-all human beings are inherently flawed. It’s human nature. Everybody has a dark mark, no matter how well-disguised. A damn’d spot, if you will, that no amount of scrubbing will dislodge. To love yourself, really love yourself, requires knowing that spot and knowing it well. You can’t love what you don’t know, so you have to know yourself, spots and all. Is that possible? To hear some people talk you would think so. Always talking about what they wont take and what they like – really? You wont take that kind of behaviour from anyone? And yet your daughter backchats and regularly calls you a failure and you laugh it off? Please, tell me about what you wont stand for.

And that’s how it is, folks. People don’t know who they are. It’s not possible to know the whole truth about yourself and love yourself. It just isn’t. Because we all have that damn’d spot, that deep dark stain that we hope nobody else will ever see. And we hate it and try to hide from it, and as loudly as we proclaim how fabulous we are, deep inside there’s a small voice that whispers: you would be fabulous, if only you didn’t have that dark stain hidden away deep in the layers of whiteness and brightness that make up what you show the world.
Love yourself? Sure, most of yourself. Except that tiny-but not so tiny- part. So, nobody can truly love themselves because nobody can truly see themselves. And because we’re all hiding our spots from others, it means they can’t truly love us; they don’t truly know us.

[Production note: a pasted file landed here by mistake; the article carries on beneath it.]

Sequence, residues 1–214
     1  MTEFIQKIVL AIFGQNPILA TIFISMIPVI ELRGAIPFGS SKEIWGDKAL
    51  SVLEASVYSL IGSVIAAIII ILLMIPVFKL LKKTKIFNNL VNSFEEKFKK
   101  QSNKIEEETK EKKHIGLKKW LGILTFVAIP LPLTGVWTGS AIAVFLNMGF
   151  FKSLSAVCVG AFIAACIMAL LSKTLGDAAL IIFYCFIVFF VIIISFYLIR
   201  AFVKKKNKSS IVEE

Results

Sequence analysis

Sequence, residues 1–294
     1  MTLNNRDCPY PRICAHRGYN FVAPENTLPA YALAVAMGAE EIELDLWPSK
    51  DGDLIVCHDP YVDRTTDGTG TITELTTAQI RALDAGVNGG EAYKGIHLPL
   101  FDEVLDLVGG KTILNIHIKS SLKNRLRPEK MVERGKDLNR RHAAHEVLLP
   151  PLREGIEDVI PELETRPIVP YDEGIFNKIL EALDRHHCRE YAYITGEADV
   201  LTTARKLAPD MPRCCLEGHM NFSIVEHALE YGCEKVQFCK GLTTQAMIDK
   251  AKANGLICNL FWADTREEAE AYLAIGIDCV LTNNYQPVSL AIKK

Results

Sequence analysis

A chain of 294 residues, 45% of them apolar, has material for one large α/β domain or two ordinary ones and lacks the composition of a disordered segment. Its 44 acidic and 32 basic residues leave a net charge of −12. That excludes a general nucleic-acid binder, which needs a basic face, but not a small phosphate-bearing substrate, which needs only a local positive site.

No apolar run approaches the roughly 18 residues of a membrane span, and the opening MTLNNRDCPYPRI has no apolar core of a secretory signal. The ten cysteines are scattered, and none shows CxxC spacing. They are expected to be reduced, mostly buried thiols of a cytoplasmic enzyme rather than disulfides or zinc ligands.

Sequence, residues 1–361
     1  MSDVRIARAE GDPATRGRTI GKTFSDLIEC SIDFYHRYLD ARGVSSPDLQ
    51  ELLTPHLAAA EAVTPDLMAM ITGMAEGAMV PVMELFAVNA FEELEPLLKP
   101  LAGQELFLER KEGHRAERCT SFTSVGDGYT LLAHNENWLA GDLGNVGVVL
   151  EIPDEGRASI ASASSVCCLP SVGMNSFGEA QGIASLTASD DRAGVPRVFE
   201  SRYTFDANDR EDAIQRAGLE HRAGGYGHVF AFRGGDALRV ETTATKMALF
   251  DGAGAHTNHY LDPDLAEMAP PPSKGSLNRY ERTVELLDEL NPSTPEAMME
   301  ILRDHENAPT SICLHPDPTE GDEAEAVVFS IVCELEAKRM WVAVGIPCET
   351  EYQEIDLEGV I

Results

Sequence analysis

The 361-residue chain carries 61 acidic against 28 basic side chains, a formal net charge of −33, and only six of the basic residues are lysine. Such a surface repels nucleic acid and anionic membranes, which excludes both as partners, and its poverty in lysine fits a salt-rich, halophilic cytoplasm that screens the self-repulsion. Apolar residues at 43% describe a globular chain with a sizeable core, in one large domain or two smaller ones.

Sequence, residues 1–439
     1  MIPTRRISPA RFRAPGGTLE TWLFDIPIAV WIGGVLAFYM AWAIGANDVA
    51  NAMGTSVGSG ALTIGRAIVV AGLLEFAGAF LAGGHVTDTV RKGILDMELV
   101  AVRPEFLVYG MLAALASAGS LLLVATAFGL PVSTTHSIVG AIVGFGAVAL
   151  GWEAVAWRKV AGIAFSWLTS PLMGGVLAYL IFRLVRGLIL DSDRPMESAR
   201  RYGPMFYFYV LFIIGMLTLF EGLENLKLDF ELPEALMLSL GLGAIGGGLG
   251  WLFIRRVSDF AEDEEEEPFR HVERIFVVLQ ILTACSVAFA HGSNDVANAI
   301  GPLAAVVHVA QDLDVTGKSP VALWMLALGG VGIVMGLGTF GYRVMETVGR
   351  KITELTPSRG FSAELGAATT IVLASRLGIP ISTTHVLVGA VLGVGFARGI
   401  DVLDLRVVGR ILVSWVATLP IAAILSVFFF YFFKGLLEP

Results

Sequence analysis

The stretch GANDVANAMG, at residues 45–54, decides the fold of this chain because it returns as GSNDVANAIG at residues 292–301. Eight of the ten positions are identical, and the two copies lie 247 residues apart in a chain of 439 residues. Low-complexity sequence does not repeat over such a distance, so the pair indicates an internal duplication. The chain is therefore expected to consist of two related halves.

But Lily knew herself. And sitting against a rocky outcrop on that barren moor, she knew that what she had just written was epiphanic. Something that years from now, when she would be old but still beautiful and enough unto herself,years from now these words would be read and people would ask her “ms lily, what inspired you – what gave you this insight into the human psyche, this knowing of the darkness of humanity’s soul?” When they asked her that, years from now when they read the words now lying in unassuming lines of text on ruled paper in her hand, she would think of the abyss that had seen into her as she stared into it. She would smile that secret smile that all those who know smile – the one that goes with a tap on the nose in low-budget films but stands alone the more money you have – that smile that says i know something you don’t know. And then she would answer and tell them: i know because i was known and seen: as i looked into that Being, as i flowed with it and bled into and out of it, i was known, i was seen, and i knew.
She dusted herself off, stretching into the watery sunlight and kneading her back where the black rock had pressed into her. She kept the 72page A4 feint&margin in her left hand as she did so, cursorily flicking through the pages when she felt limber again. The words tumbled past her eyes and she smiled to herself as she caught brief snatches of phrases and saw the bold slashes of ink on the cheap paper. She knew these words would be her gift to the world and it felt right and true. With a final stretch, notebook still in hand, she groaned softly, closed and opened her eyes, and began to walk. Back the way she had come, back towards the world.